Shaped canvas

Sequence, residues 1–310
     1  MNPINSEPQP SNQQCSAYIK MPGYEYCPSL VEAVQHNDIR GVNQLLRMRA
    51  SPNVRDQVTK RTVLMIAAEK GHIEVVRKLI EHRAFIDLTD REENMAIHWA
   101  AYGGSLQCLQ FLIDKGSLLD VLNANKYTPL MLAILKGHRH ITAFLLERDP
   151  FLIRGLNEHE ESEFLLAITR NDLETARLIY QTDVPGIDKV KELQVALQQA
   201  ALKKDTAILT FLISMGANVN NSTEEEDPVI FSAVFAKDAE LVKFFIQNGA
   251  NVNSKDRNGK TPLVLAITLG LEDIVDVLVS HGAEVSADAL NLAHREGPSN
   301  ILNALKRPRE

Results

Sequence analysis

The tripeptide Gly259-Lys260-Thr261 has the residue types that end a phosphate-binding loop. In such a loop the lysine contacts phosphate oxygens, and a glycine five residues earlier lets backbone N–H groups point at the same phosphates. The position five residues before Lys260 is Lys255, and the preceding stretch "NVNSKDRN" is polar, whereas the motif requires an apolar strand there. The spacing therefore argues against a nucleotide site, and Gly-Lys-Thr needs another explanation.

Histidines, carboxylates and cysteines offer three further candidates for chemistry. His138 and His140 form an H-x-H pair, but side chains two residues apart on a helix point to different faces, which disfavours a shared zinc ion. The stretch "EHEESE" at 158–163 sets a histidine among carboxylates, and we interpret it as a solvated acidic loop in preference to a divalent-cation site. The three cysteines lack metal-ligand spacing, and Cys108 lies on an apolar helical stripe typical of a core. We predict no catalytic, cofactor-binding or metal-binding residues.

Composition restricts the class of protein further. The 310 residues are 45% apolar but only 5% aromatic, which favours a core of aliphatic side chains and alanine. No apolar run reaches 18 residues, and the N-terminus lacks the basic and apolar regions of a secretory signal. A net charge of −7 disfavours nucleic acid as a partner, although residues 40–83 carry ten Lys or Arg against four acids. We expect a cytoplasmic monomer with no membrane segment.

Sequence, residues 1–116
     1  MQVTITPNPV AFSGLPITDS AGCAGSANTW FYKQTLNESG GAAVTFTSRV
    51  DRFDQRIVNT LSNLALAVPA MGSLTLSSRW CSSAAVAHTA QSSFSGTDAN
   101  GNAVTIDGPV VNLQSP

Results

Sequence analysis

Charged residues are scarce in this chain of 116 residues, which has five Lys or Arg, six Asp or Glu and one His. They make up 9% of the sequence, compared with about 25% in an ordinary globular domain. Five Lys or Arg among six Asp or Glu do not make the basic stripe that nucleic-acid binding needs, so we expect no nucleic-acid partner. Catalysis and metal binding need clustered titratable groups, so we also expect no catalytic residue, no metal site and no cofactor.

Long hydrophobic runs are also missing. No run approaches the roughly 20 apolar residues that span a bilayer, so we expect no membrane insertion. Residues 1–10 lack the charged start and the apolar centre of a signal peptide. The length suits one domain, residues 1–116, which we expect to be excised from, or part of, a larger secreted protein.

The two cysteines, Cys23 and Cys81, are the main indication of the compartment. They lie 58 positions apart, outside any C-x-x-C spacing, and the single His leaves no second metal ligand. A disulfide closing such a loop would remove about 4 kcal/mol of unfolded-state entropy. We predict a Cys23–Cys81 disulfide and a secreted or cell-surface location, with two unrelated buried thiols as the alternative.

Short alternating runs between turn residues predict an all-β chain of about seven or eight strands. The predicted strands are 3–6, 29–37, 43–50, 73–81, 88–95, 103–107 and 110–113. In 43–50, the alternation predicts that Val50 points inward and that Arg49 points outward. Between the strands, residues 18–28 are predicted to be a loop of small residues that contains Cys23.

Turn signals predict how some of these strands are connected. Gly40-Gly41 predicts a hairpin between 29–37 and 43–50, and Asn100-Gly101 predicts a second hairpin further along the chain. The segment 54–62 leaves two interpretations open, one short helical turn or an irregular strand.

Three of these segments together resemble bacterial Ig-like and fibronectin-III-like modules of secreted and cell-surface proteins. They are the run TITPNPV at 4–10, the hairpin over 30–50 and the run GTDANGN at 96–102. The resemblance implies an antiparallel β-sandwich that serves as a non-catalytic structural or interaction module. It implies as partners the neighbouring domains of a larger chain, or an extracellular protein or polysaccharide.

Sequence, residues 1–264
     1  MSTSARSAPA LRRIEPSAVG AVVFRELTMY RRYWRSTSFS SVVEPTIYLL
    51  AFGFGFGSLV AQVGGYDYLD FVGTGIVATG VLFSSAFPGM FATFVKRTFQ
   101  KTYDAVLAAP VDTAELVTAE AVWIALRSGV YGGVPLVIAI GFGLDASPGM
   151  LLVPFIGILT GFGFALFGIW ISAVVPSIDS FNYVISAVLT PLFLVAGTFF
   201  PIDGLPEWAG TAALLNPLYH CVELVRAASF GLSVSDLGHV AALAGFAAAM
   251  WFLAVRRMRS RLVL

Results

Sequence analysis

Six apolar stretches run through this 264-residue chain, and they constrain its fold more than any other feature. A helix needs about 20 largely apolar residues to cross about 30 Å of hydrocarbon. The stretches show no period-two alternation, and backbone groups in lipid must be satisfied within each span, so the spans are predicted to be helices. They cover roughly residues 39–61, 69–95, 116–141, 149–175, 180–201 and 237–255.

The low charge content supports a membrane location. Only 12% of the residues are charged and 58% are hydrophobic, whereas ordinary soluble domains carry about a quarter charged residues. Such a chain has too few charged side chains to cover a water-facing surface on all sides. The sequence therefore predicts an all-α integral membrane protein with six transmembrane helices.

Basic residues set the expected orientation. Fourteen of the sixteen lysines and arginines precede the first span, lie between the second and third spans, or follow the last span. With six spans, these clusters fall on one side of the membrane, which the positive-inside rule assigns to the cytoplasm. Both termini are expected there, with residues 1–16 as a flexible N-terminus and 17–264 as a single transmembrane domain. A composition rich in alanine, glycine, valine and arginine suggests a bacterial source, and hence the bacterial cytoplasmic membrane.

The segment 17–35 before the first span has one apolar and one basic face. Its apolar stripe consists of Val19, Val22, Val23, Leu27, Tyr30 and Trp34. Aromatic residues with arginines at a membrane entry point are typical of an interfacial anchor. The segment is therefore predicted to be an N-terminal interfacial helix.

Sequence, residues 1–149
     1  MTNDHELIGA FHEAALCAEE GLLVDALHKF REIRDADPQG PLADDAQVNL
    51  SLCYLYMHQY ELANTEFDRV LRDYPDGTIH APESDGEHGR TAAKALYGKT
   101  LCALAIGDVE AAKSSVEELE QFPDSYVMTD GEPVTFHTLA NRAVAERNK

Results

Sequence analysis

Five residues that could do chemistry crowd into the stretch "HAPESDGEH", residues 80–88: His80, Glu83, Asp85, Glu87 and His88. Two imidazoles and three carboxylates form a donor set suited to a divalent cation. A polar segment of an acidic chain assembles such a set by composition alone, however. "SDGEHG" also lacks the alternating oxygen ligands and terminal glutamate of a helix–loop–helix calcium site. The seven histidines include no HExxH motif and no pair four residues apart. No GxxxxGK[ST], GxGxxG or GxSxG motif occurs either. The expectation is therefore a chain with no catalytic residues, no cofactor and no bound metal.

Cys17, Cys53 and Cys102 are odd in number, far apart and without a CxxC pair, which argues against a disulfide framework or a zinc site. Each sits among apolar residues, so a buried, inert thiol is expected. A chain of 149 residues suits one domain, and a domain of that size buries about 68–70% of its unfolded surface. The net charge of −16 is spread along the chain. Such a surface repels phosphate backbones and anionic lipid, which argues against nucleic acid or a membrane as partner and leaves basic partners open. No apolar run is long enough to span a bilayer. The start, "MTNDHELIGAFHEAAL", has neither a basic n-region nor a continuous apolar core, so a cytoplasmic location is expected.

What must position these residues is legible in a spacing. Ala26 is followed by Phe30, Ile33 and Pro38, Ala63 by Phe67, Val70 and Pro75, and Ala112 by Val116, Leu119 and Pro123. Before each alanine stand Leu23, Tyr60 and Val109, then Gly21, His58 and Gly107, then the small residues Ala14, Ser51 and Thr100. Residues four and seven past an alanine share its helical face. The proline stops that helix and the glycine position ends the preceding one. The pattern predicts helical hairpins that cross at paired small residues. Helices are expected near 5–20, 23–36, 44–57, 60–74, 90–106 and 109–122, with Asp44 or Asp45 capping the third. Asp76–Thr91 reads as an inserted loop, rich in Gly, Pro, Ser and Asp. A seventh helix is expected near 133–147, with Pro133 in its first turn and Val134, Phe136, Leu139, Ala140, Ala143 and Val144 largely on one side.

An experimental method begun in the 1960s among some European and American artists whereby canvas is manipulated to form three-dimensional work and becomes the primary medium itself. This technique of using the traditional support or ground for oil painting to create sculpture is one of the leading-edge artistic innovations that blurred the distinction between painting and sculpture. A reviewer first used the words, "shaped canvas", as a formal term in September 1960 to describe a New York City exhibition at the Leo Castelli Gallery by Frank Stella of minimalist-shaped works that combined painting and canvas. Names of other American artists associated with the movement include Edward Clark, Lee Bontecou, Sven Lukin, Neil Williams, Charles Hinman, Richard Smith, Ellsworth Kelly, Kenneth Noland and Leon Polk Smith. Sources: ???Phaidon Dictionary of Twentieth-Century Art???; Robert Atkins, ???ART-SPEAK??? (LPD)<br><br> A type of painting/stretched canvas first begun in the 1960&#39;s, where the canvas takes other forms than the traditional rectangle. Canvas is stretched over multiple three-dimensional shapes, which are combined to form a three-dimensional, irregularly shaped canvas on which to paint (often abstract or non-objective) images.